Wolf Pit Mountain Trail
1.2 Miles, solo
July 13, 2009
There is really only one cool thing about this little trail tucked away in Bridgewater – the name. Other than that, unless you happen to live within a few miles of it, or are a similarly-minded goofball and are completing the CFPA’s Connecticut Blue Trails Challenge, there really is no reason to make the trek out there to hike it.
The trailhead off of Henry Sanford Road was fairly difficult to find on the day I hiked. There is a wooden sign on the road, but it was overgrown and slightly rotted. Safe parking is also an issue here; the road is hilly and twisty and shoulderless. I believe there is the ability to park in the woods, but the practicality of doing so during my visit was nil.
I left my car along the side of the road and figured it was lightly traveled and I’d be pretty quick. After all, at 1.2 miles, I was hoping to complete the loop in about 15 minutes or so, even if I had already done some hiking earlier over in New Milford on another part of the Sunny Valley Preserve Trail Network
Since there’s not much to discuss about this trail, I should note that any visit to the area requires a stop at Lover’s Leap State Park. Trails through the park will lead the walker through centuries of land-use history. Heading northeast from the parking lot the trail utilizes the 1895 Berlin Iron Bridge, one of five remaining in Connecticut, to cross the Housatonic River. Across the bridge the Lovers Leap Trail heads southeast 1,200 feet to the rock formation that gives the park its name. From here, tradition has it, that the Pootatuck Indian Chief Waramaug’s daughter, Princess Lillinonah, and her lover plunged to their deaths. The Chief himself died in 1735.
Gee, another Indian maiden leaping to her death story? I can’t get enough of them (There are enough for a CTMQ tag). Anyway, I did stop at the park and was impressed with its cleanliness and interpretive signage along the pathways.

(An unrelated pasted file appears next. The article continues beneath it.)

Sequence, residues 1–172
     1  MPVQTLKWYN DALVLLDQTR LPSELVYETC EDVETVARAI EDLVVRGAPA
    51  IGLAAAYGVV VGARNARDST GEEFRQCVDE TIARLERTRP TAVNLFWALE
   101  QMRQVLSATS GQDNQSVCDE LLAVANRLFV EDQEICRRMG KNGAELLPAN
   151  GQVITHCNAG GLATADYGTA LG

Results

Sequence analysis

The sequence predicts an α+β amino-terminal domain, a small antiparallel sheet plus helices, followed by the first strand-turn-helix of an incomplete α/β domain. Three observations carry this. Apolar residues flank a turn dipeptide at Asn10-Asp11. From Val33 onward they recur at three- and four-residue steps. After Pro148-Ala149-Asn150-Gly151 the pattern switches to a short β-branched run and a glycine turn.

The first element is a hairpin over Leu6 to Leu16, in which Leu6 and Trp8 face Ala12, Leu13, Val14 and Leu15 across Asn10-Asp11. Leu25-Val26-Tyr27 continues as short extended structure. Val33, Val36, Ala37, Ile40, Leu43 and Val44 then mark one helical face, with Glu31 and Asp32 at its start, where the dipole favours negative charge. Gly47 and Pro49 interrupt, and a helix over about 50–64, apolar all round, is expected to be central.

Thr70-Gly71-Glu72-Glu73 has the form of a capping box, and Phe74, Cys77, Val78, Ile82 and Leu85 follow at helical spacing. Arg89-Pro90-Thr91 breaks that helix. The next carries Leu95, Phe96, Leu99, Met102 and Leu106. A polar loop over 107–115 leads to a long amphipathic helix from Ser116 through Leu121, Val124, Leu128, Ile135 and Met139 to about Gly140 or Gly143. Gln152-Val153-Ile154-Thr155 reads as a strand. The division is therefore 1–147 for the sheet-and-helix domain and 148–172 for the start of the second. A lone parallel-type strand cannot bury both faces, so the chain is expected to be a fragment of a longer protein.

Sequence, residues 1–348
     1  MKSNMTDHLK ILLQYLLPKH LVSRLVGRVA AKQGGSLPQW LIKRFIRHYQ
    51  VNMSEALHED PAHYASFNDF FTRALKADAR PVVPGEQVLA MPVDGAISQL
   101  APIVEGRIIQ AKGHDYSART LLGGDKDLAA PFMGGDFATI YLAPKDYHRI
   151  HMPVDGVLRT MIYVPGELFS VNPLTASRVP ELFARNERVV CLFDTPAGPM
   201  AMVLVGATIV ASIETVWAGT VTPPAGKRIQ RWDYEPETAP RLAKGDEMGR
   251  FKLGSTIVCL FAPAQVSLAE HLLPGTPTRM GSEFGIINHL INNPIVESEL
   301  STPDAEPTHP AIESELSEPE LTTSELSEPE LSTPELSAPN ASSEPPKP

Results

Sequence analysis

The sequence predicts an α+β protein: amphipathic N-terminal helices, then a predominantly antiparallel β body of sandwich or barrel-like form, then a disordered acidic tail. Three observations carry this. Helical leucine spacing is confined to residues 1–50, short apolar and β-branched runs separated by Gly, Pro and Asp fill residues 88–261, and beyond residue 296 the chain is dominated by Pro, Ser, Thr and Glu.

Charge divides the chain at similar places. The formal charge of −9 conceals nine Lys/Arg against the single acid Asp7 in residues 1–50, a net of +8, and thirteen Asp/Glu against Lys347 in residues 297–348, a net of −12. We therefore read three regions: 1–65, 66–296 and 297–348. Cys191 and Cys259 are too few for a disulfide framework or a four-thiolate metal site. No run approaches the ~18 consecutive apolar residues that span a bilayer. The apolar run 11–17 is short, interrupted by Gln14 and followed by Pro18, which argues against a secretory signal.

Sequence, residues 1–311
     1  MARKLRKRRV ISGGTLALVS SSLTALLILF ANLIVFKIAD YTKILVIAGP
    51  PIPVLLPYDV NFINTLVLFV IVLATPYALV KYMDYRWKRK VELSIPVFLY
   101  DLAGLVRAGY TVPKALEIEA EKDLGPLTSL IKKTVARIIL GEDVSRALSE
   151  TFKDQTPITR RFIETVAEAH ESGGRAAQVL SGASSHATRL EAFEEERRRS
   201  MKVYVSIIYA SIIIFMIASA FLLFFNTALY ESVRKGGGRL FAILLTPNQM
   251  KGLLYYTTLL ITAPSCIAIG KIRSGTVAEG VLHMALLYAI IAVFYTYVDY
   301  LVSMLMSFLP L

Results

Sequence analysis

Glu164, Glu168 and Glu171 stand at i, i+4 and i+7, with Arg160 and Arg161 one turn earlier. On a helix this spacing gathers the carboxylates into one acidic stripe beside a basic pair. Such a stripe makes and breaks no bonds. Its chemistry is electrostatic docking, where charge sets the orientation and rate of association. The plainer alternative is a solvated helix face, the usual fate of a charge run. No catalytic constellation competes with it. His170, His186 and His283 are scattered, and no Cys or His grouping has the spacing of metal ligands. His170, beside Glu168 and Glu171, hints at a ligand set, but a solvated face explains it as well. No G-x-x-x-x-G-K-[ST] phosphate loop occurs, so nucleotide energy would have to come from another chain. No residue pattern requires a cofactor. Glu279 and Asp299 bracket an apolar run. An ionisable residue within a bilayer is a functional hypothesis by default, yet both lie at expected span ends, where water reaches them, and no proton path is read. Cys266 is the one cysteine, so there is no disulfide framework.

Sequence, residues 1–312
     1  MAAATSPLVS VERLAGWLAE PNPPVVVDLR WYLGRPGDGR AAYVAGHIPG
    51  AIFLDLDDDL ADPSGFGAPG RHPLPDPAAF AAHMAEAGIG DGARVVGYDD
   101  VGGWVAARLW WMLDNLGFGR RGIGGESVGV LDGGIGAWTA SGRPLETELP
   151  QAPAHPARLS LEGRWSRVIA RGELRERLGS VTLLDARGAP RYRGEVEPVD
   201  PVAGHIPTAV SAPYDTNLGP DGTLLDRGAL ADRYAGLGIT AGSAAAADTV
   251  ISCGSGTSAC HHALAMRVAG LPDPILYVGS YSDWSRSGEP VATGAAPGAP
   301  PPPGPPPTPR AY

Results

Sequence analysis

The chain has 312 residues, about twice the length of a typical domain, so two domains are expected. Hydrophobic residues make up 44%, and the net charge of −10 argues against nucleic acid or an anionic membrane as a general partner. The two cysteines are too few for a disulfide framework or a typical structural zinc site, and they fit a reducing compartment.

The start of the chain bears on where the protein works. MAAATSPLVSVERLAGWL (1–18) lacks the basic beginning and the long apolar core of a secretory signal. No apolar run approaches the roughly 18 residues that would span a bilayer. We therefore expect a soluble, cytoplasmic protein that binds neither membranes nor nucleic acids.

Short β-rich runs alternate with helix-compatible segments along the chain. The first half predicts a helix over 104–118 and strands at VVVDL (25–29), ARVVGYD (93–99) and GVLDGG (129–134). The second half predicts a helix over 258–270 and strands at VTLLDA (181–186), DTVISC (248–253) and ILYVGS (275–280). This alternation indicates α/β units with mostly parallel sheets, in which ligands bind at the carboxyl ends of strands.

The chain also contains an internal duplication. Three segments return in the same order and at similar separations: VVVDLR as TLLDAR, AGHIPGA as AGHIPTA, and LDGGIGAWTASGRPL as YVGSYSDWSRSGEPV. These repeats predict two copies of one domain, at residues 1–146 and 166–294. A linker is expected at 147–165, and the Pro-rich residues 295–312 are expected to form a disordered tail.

Over to the east of the trail is Mine Hill Preserve in Roxbury. Said to be Roxbury’s “crown jewel” in terms of natural resources, flora, fauna and a rich history entwined with the town since the 1800’s when the iron mine fueled the area’s economy. Lots of reclusive rich and famous people happen to live in Roxbury, but something tells me I won’t be seeing them on Wolf Pit Mountain anytime soon.
Anyway, I mention Mine Hill because I can only assume that the mountain I was climbing was also mined back in the day. That gave me something to think about as I climbed up past old stone walls to the top of the “mountain.” I put quotes around “mountain” because, really, it’s just a hill.
I noticed a cutoff trail that was blazed white. I also noticed there was no view on top and before I knew it, I was descending down and around the hill, heading back to the trailhead. Note: If you read this and still want to check it out, I strongly recommend tackling the trail clockwise, as it is much easier that way. Then again, if you read this rather bland description and drive all the way out to nowheresville Bridgewater (the last dry town in Connecticut, by the way), you are probably a bit of a masochist and would rather hike the slightly more difficult route.
I ended up running down the mountain back to my car, completing the trail wholly without incident.
Sadly, that is all.